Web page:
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“Inconsistent” funds dominate long-term performance tables

Some of the best-performing funds in cumulative terms over the last decade have fallen behind their peers in three of the 10 calendar years.

Joshua Ausden

By Joshua Ausden, News Editor, FE Trustnet
Thursday March 07, 2013

The best-performing funds over the last decade have seldom beaten their benchmark year-in-year out, according to FE Trustnet research.

While the vast majority of investors strive for consistency, our data shows that some of the very best performers in cumulative terms underperformed in three of the 10 calendar years – and in some cases by even more.

The trend is perhaps most pertinent in the mixed-asset sectors – particularly IMA Flexible Investment.

One of the standout performers over the last decade has been FE Alpha Manager Alex Grispos’ CF Ruffer Equity & General fund, which has returned 205.96 per cent.

In spite of its strong cumulative performance, it has been bottom quartile in its sector in five of the last 10 calendar years.

Performance of funds vs sector over 10yrs

ALT_TAG

Source: FE Analytics

FE Alpha Manager Martin Gray’s CF Miton Special Situations Portfolio, which has returned even more than the Ruffer fund, has been a bottom-quartile performer over four of the last 10 years.

It is also apparent among pure equity funds. In the IMA UK Equity Income sector, for example, Invesco Perpetual Income and Invesco Perpetual High Income have been bottom-quartile performers in three of the last 10 calendar years, but have still managed to achieve top-decile returns over the cumulative period – 250.38 and 253.64 per cent, respectively.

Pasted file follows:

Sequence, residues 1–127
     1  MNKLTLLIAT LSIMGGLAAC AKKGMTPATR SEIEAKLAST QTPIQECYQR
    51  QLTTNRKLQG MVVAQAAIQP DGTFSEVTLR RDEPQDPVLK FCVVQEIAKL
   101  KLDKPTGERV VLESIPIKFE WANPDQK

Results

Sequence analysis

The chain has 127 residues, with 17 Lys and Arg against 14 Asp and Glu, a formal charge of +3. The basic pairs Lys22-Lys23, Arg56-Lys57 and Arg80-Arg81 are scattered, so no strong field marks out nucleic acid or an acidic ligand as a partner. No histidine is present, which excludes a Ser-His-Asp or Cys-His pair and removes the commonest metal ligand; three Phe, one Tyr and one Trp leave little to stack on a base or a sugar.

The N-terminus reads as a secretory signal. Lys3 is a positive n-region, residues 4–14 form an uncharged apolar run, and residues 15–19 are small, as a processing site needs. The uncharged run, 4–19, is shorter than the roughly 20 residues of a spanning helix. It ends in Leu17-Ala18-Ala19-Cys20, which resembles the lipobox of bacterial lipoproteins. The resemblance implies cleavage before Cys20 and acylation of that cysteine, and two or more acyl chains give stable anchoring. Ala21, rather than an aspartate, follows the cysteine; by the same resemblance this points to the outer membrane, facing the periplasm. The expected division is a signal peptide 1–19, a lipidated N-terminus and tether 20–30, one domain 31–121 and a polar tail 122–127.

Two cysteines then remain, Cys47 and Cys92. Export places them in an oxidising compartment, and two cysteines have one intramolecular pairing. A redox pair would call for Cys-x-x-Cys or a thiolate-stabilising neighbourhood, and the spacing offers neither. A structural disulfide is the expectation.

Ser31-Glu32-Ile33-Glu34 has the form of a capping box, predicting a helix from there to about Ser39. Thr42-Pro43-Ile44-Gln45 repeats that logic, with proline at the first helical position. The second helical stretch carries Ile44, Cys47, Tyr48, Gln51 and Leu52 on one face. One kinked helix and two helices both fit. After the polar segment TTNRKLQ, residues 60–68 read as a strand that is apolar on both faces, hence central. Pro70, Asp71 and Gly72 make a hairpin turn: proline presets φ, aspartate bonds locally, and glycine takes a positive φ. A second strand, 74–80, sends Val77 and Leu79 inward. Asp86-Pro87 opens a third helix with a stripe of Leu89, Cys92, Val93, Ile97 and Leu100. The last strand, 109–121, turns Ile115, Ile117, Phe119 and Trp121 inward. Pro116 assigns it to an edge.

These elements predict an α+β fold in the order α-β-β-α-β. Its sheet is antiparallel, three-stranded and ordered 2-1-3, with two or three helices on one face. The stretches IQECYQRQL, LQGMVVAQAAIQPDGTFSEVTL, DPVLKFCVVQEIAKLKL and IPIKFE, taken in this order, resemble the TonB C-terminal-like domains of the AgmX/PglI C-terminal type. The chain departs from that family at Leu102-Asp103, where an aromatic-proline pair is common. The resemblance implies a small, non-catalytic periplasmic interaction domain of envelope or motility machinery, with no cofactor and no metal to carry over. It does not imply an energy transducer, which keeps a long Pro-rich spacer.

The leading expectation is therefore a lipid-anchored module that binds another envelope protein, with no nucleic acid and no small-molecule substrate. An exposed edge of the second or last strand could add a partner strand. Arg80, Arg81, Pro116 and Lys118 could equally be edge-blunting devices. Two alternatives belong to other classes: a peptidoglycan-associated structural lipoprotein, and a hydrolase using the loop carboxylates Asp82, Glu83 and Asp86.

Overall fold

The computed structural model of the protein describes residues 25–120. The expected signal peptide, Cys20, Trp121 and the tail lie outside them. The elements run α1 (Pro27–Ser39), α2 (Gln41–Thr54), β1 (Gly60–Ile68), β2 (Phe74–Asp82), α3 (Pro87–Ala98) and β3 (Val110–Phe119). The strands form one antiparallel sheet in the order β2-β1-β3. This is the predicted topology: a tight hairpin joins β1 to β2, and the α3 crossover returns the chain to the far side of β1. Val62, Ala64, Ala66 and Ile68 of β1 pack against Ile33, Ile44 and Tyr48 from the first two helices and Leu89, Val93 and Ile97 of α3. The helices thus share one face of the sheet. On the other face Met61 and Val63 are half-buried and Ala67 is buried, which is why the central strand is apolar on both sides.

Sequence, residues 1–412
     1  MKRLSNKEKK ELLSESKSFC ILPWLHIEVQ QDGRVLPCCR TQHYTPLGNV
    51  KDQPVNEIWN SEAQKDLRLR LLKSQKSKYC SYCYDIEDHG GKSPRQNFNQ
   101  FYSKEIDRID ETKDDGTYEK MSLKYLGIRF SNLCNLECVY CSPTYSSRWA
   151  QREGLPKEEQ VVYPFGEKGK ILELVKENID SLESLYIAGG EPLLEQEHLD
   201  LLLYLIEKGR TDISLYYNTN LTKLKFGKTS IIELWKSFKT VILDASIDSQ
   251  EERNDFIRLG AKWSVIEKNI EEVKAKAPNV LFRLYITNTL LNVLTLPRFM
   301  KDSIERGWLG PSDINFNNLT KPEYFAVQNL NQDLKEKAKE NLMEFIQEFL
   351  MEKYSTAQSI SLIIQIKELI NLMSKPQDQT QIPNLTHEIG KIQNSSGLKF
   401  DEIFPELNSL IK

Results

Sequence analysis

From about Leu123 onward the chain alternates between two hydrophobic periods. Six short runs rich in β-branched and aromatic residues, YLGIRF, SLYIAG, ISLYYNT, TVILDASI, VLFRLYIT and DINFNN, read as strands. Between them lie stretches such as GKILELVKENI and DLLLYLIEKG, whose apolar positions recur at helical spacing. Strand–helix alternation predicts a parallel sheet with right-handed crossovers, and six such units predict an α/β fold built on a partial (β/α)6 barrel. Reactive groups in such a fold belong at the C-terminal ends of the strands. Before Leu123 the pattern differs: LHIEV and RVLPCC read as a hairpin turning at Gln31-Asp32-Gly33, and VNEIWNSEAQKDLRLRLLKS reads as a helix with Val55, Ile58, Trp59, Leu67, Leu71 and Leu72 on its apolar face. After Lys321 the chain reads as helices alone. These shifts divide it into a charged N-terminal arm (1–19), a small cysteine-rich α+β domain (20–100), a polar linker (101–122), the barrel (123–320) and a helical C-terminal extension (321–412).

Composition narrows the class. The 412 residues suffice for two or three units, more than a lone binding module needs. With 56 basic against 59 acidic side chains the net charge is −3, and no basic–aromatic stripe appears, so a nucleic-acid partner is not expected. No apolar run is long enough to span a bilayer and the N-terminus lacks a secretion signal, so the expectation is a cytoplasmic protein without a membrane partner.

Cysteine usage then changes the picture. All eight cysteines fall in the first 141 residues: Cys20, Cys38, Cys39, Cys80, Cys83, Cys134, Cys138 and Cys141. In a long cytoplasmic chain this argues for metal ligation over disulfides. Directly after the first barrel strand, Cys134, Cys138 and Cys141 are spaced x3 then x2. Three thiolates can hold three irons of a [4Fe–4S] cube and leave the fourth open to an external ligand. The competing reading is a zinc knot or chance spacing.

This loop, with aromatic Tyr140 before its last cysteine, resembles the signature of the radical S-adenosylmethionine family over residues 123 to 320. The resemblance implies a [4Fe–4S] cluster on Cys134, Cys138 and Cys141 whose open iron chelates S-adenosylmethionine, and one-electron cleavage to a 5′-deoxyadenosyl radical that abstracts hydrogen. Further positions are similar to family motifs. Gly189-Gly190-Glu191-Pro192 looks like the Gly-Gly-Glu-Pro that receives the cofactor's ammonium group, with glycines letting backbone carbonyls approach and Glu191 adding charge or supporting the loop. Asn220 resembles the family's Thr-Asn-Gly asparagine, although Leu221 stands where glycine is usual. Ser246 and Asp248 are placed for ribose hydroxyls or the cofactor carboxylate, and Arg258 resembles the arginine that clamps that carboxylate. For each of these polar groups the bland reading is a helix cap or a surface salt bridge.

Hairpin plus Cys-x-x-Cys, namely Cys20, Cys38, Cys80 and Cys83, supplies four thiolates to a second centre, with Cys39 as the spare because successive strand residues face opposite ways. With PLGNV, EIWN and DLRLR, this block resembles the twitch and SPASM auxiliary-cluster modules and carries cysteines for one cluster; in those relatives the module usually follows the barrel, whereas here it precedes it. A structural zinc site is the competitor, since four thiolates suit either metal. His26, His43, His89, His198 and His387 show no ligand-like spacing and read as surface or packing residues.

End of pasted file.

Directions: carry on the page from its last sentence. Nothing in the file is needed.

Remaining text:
Neil Woodford’s funds had a very poor 2009, 2010 and 2012, yet even over a five-year period, they are top quartile.

Year-on-year performance of fund vs sector

Name 5yr returns (%) 2012 returns (%) 2011 returns (%) 2010 returns (%) 2009 returns (%) 2008 returns (%)
Invesco Perp - High Income 45.19 7.67 8.99 10.94 9.81 -19.42
IMA UK Equity Income
33.7 14.01 -2.9 14.58 22.88 -28.54

Source: FE Analytics


The funds mentioned above all have a defensive bias and owe much of their performance to strong relative returns in the down markets of 2008 and 2011.

However, more aggressive funds have also been able to achieve top returns without being consistent. Fidelity Special Sits is a top-decile performer in IMA UK All Companies – a sector that comprises nearly 300 funds – over the last decade, even though it has fallen short of its peer group in four of the last 10 calendar years.

Richard Buxton’s Schroder UK Alpha Plus portfolio is another example – it was bottom quartile in 2004, 2008 and 2011, but has still managed top-decile returns of 271.45 per cent over 10 years.

Performance of funds vs sector over 10yrs

ALT_TAG

Source: FE Analytics

The study comes in light of comments from David Coombs, who heads up three multi-asset funds at Rathbones, including the Multi Asset Strategic Growth Portfolio.

He says judging a fund on one- or even three-year numbers is useless, and he urges investors to take a more long-term approach.

"If you look at the best performers in the long-term, their returns are very lumpy," he said. "The lesson here? Don’t look at short-term performance."